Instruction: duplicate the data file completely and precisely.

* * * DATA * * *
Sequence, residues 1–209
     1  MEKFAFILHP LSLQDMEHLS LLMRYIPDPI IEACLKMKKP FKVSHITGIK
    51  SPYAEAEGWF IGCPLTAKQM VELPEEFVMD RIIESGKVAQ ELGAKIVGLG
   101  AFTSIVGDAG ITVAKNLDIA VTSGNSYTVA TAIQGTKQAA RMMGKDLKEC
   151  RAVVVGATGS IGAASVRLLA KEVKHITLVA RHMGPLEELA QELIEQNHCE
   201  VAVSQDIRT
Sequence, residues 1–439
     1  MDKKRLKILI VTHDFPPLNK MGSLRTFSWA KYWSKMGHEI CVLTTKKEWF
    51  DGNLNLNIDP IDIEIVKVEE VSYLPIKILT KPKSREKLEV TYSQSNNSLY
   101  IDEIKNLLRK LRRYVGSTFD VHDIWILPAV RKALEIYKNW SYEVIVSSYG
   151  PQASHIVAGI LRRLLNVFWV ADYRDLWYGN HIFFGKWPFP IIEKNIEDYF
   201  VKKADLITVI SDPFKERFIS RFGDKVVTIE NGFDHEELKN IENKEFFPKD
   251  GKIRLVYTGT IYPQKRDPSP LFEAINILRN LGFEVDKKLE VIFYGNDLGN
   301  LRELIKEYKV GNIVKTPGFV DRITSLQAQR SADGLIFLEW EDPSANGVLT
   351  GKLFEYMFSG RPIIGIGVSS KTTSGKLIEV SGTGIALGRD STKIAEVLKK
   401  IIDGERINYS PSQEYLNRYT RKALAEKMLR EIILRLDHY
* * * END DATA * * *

Sequence, residues 1–209
     1  MEKFAFILHP LSLQDMEHLS LLMRYIPDPI IEACLKMKKP FKVSHITGIK
    51  SPYAEAEGWF IGCPLTAKQM VELPEEFVMD RIIESGKVAQ ELGAKIVGLG
   101  AFTSIVGDAG ITVAKNLDIA VTSGNSYTVA TAIQGTKQAA RMMGKDLKEC
   151  RAVVVGATGS IGAASVRLLA KEVKHITLVA RHMGPLEELA QELIEQNHCE
   201  VAVSQDIRT
Sequence, residues 1–439
     1  MDKKRLKILI VTHDFPPLNK MGSLRTFSWA KYWSKMGHEI CVLTTKKEWF
    51  DGNLNLNIDP IDIEIVKVEE VSYLPIKILT KPKSREKLEV TYSQSNNSLY
   101  IDEIKNLLRK LRRYVGSTFD VHDIWILPAV RKALEIYKNW SYEVIVSSYG
   151  PQASHIVAGI LRRLLNVFWV ADYRDLWYGN HIFFGKWPFP IIEKNIEDYF
   201  VKKADLITVI SDPFKERFIS RFGDKVVTIE NGFDHEELKN IENKEFFPKD
   251  GKIRLVYTGT IYPQKRDPSP LFEAINILRN LGFEVDKKLE VIFYGNDLGN
   301  LRELIKEYKV GNIVKTPGFV DRITSLQAQR SADGLIFLEW EDPSANGVLT
   351  GKLFEYMFSG RPIIGIGVSS KTTSGKLIEV SGTGIALGRD STKIAEVLKK
   401  IIDGERINYS PSQEYLNRYT RKALAEKMLR EIILRLDHY